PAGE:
Regulatory Medicine Against Financial Market Instability: What Helps And What Hurts?
AbstractDo we know if a short selling ban or a Tobin Tax result in more stable asset prices? Or do they in fact make things worse? Just like medicine regulatory measures in financial markets aim at improving an already complex system, cause side effects and interplay with other measures. In this paper an agent based stock market model is built that tries to find answers to the questions above. In a stepwise procedure regulatory measures are introduced and their implications on market liquidity and stability examined. Particularly, the effects of (i) a ban on short selling (ii) a mandatory risk limit, i.e. a Value-at-Risk limit, (iii) an introduction of a Tobin Tax, i.e. transaction tax on trading, and (iv) any arbitrary combination of the measures are observed and discussed. The model is set up to incorporate non-linear feedback effects of leverage and liquidity constraints leading to fire sales. In its unregulated version the model outcome is capable of reproducing stylised facts of asset returns like fat tails and clustered volatility. Introducing regulatory measures shows that only a mandatory risk limit is beneficial from every perspective, while a short selling ban – though reducing volatility – increases tail risk. The contrary holds true for a Tobin Tax: it reduces the occurrence of crashes but increases volatility. Furthermore, the interplay of measures is not negligible: measures block each other and a well chosen combination can mitigate unforeseen side effects. Concerning the Tobin Tax the findings indicate that an overdose can do severe harm.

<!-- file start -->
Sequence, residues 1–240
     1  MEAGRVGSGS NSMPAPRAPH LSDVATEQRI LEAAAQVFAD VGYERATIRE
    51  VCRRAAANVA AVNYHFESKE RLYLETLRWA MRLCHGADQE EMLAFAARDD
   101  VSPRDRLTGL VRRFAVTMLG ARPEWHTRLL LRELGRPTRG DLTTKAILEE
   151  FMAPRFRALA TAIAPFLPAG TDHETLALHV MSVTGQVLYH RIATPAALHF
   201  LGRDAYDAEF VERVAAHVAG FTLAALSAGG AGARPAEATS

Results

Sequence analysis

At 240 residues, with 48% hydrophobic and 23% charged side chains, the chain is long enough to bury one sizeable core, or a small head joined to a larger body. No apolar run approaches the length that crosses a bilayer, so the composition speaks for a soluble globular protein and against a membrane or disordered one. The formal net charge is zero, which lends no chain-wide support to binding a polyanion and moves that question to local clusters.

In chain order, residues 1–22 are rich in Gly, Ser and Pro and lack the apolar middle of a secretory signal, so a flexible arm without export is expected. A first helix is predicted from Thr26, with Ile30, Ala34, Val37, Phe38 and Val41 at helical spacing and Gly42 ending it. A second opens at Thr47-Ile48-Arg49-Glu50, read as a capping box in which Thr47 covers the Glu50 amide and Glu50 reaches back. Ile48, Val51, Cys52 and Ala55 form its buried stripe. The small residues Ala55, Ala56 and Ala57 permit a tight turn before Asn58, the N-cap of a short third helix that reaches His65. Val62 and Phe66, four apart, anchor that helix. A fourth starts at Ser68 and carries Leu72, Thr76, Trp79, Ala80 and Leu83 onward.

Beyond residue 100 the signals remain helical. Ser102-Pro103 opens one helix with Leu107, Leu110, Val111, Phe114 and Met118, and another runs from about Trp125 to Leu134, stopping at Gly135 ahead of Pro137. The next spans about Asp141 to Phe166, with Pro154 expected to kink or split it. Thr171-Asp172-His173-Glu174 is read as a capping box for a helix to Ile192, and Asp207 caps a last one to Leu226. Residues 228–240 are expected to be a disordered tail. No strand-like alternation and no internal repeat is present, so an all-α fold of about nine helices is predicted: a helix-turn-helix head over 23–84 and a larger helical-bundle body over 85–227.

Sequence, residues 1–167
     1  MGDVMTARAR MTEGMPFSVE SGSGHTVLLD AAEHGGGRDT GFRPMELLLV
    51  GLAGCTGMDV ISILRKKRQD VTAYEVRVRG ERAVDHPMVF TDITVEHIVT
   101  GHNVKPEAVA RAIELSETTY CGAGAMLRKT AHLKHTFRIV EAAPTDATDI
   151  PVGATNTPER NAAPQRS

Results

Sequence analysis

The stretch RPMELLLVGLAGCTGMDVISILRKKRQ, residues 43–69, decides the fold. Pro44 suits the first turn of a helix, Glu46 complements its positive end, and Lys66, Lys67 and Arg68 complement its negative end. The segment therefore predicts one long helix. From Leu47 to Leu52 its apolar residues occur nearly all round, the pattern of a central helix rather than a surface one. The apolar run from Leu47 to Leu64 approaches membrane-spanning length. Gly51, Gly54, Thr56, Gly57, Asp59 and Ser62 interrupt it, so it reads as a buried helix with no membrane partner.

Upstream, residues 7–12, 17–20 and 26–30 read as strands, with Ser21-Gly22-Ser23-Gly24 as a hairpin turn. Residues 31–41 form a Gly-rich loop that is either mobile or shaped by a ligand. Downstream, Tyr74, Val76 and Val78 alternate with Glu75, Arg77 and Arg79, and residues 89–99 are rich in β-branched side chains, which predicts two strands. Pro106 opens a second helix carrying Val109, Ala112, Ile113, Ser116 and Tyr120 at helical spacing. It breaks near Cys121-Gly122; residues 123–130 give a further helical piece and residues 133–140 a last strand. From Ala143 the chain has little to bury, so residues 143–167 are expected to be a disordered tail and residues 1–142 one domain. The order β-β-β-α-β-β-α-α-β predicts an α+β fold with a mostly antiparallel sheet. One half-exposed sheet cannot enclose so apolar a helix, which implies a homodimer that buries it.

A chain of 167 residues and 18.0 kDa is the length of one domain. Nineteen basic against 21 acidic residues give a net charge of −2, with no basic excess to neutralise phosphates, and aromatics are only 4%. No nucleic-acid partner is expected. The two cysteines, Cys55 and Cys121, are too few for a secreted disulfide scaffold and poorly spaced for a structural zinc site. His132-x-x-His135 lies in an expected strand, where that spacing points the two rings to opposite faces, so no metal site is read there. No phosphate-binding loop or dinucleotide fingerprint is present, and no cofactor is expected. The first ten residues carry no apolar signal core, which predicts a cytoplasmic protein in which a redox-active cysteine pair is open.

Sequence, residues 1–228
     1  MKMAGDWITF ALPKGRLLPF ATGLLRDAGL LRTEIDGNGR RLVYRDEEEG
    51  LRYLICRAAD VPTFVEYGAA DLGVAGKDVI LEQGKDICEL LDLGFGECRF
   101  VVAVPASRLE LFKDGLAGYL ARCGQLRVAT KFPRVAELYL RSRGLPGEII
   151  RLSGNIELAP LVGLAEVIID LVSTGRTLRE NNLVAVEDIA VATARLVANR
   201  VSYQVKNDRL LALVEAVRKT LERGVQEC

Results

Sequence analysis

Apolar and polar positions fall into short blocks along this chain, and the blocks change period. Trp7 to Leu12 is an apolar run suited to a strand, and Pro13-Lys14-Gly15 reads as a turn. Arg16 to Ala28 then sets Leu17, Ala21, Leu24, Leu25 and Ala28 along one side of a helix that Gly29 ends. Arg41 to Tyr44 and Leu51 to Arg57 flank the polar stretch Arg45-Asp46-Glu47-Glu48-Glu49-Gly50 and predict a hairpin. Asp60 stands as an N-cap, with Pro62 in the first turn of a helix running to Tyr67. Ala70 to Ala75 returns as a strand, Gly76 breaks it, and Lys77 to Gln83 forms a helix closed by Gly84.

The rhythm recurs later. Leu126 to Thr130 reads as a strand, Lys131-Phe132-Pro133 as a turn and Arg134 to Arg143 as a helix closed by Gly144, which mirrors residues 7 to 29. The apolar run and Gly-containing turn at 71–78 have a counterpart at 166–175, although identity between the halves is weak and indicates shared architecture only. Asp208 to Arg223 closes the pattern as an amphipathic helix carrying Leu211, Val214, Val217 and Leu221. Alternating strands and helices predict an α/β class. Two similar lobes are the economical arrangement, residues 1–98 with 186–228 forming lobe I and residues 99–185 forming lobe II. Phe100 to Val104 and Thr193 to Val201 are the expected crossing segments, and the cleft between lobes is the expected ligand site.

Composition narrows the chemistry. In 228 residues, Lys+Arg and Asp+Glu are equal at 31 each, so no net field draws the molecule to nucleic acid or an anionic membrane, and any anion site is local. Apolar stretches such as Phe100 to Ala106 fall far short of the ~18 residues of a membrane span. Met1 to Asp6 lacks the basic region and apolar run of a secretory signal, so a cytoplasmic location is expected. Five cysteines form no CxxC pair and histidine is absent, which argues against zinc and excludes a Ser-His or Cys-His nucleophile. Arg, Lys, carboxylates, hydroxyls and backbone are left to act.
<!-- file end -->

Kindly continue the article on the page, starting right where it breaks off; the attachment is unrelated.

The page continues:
Download InfoIf you experience problems downloading a file, check if you have the proper application to view it first. In case of further problems read the IDEAS help page. Note that these files are not on the IDEAS site. Please be patient as the files may be large.
Bibliographic InfoPaper provided by Oesterreichische Nationalbank (Austrian Central Bank) in its series Working Papers with number 174.
Date of creation: 18 Oct 2011
Date of revision:
Postal: Oesterreichische Nationalbank, Economic Studies Division, c/o Beate Hofbauer-Berlakovich, POB 61, A-1011 Vienna, Austria
Find related papers by JEL classification:
- E37 - Macroeconomics and Monetary Economics - - Prices, Business Fluctuations, and Cycles - - - Forecasting and Simulation: Models and Applications
- G01 - Financial Economics - - General - - - Financial Crises
- G12 - Financial Economics - - General Financial Markets - - - Asset Pricing; Trading Volume; Bond Interest Rates
- G14 - Financial Economics - - General Financial Markets - - - Information and Market Efficiency; Event Studies; Insider Trading
- G18 - Financial Economics - - General Financial Markets - - - Government Policy and Regulation
This paper has been announced in the following NEP Reports:
You can help add them by filling out this form.
reading list or among the top items on IDEAS.Access and download statisticsgeneral information about how to correct material in RePEc.
For technical questions regarding this item, or to correct its authors, title, abstract, bibliographic or download information, contact: (Markus Knell and Helmut Stix).
If references are entirely missing, you can add them using this form.